Solar Storms Can 'Sandblast' Away Moon's Surface
A coronal mass ejection as viewed by NASA's Solar Dynamics Observatory on June 7, 2011.
Credit: NASA/SDO

Violent solar storms can blast a surprisingly large amount of material off the surface of the moon, according to a new NASA study.

Researchers used computer simulations to examine how sun storms and eruptions of solar plasma, called coronal mass ejections (CMEs), can significantly erode the lunar surface. These tumultuous solar storms could also result in atmospheric loss on planets like Mars that are unprotected by a global magnetic field, the scientists said.

This is the first time that researchers have attempted to predict the effects of solar storms and CMEs on the moon.

The team of researchers is based at NASA's Goddard Space Flight Center in Greenbelt, Md., and the scientists are part of the Dynamic Response of the Environment At the Moon (DREAM) team within the NASA Lunar Science Institute.

"We found that when this massive cloud of plasma strikes the moon, it acts like a sandblaster and easily removes volatile material from the surface," William Farrell, DREAM team lead at Goddard, said in a statement. "The model predicts 100 to 200 tons of lunar material — the equivalent of 10 dump truck loads — could be stripped off the lunar surface during the typical two-day passage of a CME." [The Sun's Wrath: Worst Solar Storms in History]

Storms on the sun

Solar flares can unleash CMEs, which are massive clouds of hot plasma and charged particles that blow outward from the surface of the sun and stream into space. A strong CME can contain roughly a billion tons of plasma that tear through space at a blistering pace of up to a million miles per hour in a cloud many times the size of Earth, the researchers said.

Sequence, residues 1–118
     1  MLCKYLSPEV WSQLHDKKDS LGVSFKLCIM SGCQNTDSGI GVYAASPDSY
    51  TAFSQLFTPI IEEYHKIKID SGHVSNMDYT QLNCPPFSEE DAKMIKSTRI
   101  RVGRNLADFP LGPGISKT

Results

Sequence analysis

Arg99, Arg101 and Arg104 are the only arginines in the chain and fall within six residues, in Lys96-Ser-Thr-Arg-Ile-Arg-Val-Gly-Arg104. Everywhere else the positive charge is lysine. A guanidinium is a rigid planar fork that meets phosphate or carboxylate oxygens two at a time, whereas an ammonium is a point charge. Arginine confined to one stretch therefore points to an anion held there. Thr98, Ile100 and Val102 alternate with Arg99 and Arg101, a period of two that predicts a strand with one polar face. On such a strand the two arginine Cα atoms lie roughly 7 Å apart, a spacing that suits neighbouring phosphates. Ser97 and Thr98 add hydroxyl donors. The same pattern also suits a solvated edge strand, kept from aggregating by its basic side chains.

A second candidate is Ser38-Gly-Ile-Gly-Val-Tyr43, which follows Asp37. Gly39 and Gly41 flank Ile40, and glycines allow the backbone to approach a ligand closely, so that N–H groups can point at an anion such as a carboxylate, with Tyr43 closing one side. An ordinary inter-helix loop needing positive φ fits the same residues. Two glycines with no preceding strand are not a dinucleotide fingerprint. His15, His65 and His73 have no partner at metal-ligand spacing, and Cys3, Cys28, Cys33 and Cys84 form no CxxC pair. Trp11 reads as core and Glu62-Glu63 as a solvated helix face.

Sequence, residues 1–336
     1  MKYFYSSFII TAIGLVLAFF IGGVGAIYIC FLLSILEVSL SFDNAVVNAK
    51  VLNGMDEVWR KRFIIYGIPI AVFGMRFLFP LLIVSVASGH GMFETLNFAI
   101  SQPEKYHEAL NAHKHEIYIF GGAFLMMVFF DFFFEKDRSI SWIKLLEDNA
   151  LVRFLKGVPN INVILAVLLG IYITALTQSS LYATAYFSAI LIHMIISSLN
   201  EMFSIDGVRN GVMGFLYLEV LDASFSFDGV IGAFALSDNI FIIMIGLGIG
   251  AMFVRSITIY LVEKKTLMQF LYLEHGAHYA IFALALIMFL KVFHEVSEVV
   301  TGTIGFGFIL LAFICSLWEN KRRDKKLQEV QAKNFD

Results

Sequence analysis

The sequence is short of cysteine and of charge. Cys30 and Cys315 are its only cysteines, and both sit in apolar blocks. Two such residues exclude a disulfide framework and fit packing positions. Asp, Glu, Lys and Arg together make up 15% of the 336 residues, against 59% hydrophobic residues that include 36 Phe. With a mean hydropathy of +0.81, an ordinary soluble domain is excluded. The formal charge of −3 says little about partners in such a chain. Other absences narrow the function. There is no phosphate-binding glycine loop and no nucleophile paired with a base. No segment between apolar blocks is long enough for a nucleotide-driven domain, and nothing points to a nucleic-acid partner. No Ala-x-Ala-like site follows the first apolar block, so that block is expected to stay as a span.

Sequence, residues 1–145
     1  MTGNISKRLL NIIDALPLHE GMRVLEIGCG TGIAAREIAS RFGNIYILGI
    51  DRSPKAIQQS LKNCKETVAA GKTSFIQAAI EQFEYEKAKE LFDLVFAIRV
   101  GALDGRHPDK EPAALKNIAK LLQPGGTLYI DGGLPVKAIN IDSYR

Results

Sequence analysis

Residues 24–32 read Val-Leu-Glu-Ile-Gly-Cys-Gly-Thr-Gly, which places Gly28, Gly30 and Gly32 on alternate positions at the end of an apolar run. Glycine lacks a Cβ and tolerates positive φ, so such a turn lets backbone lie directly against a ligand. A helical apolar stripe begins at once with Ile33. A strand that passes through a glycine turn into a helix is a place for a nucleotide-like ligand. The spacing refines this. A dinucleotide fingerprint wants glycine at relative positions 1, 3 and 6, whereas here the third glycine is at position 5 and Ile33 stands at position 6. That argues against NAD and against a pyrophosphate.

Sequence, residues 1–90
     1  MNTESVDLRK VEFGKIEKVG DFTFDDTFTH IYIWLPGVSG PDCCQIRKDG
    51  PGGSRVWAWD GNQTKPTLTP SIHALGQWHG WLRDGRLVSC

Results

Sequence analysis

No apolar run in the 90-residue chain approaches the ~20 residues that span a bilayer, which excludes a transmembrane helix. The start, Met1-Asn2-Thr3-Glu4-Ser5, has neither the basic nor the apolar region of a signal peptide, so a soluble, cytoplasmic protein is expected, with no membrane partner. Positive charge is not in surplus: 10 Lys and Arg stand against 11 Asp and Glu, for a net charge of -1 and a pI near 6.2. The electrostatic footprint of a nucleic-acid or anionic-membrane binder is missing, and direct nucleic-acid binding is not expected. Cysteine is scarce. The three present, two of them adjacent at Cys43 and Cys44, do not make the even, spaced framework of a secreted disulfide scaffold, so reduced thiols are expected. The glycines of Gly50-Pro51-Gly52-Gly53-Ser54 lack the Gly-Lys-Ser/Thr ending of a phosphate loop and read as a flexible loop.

Since the moon has almost no atmosphere, Earth's natural satellite is vulnerable to the effects of space weather. As a result, plasma from CMEs is able to penetrate the moon's so-called exosphere and crash to the surface, kicking up particles from the moon in a process called "sputtering."

"Sputtering is among the top five processes that create the moon's exosphere under normal solar conditions, but our model predicts that during a CME, it becomes the dominant method by far, with up to 50 times the yield of the other methods," said Rosemary Killen, research team leader and the lead author of a new study that will be published in an upcoming issue of the Journal of Geophysical Research Planets.

CMEs are able to blast away lunar material because the material is denser and faster than normal solar wind, which is typically dominated by lightweight electrically charged particles of hydrogen, called ions. Plasma from CMEs is enriched in highly charged, heavy ions, which sputter ten times more atoms from the surface of the moon than a hydrogen ion, the researchers said.

A coronal mass ejection (CME) bursting off the left side of the sun. This image was captured by the SOlar and Heliospheric Observatory (SOHO) at 6:05 PM ET on September 21, 2011.